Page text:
COVID-19 impact: Europe

News Story
- 26 Mar 2020 ( #967 ) - Belgium
6 min read
Production at all Jungheinrich plants is up and running
Production at all Jungheinrich plants is up and running
Germany's forklift manufacturers appear to be maintaining production and services in spite of the spread of coronavirus.

"The production at all Jungheinrich plants is up and running," says spokesman Benedikt Nufer. "As of (24 March), production is ensured by various measures. However, due to the stricter measures taken by many countries and the resulting backlogs at many external borders, there may be delays in supplying our plants and delivering our products. We are working flat out to minimise the effects and pursue pragmatic solutions."

Nufer says hygiene measures have been stepped up in accordance with WHO guidelines "and we are providing comprehensive, continuously updated information on measures to prevent infections. This includes strict hygiene and behaviour guidelines, a global travel ban and a significant reduction in meetings and conferences."

Jungheinrich has activated additional office space in which departments that are essential to operations, such as IT, are duplicated. "The employees in these departments are split between the existing and new sites in order to reduce the risk of infection within the teams," he explains.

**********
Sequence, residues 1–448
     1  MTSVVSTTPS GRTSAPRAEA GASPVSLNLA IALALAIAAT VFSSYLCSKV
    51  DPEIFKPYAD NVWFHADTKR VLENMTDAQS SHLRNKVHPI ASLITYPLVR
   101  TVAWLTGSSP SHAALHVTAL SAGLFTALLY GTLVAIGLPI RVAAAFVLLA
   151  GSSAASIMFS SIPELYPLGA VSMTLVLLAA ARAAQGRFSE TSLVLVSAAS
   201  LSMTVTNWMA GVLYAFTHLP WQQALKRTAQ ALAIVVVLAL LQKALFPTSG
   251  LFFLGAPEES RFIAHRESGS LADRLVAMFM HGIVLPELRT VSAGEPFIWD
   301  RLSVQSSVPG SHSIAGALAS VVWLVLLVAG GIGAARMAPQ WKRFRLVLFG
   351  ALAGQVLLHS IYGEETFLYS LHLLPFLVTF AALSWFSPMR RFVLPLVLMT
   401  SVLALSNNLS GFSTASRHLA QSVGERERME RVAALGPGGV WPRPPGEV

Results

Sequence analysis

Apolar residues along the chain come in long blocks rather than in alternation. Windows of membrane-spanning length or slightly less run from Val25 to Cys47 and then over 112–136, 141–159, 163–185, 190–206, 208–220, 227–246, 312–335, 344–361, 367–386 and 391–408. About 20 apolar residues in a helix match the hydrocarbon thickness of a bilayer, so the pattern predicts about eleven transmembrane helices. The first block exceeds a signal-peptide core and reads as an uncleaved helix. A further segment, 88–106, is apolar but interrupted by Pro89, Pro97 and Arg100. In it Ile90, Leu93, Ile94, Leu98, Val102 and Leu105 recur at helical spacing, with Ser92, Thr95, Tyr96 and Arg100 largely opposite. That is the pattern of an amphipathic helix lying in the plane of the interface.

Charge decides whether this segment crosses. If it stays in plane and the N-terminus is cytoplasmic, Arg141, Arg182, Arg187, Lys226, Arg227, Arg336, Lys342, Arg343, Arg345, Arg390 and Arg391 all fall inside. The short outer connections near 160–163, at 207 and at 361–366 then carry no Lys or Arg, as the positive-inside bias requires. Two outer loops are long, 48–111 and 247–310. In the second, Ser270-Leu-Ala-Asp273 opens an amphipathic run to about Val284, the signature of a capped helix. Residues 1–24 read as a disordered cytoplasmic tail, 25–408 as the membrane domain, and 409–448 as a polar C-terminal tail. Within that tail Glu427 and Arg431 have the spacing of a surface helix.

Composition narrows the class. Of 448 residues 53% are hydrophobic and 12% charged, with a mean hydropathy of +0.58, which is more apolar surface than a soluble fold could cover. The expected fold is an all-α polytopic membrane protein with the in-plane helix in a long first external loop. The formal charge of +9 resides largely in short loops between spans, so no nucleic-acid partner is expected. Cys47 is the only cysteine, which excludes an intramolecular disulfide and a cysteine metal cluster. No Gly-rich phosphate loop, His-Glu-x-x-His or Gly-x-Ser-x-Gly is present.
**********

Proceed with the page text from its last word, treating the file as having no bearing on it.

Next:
"In the current situation, protecting our employees and safeguarding our ability to deliver are our top priorities. Jungheinrich has established a crisis team for this purpose, headed by the Board of Management, that makes daily decisions based on the current appraisal of the situation.

"A number of preventive measures have also been put into place to protect the workforce. Production at all plants is ongoing, and after-sales service technicians are deployed throughout the world.

"So far, we have been able to prevent the situation having a negative impact on Jungheinrich's supply chain and production processes, and our ability to deliver is currently stable" he notes.

Production is also continuing at Linde Material Handling. A company statement assures customers that "we ensure that material flow is maintained - this includes the continuity of public life, the economy and the necessary supply, not least with food and medical supplies".

The statement stresses that the safety, health and well-being of employees is a top priority. "Linde Material Handling has introduced comprehensive measures to protect our employees. A crisis management team has been set up; rapid implementation of measures is guaranteed across site and national boundaries."

According to the statement, while production continues, delays may occur at some sites due to border closures and other official measures.

"We are trying to keep the impact on our customers as low as possible," it continues, assuring customers of ongoing service and repairs. "There are restrictions only in the 'red zones', where the freedom of movement of everyone (including our service technicians) is currently restricted."

Linde will prioritise important supply chains like medical and food suppliers, so warns that it can't rule out delays and waiting times. The supply of spare parts, however, is guaranteed for the next months.

KION stablemate Still notes on its website that it will continue to look after customers and partners "as best we can and will be there for them whenever they need us". This service is now moving towards digital communication channels in order to reduce the direct physical contact, where possible. "Personal meetings of employees, customers and partners who are or were in one of the declared risk areas are avoided," it notes.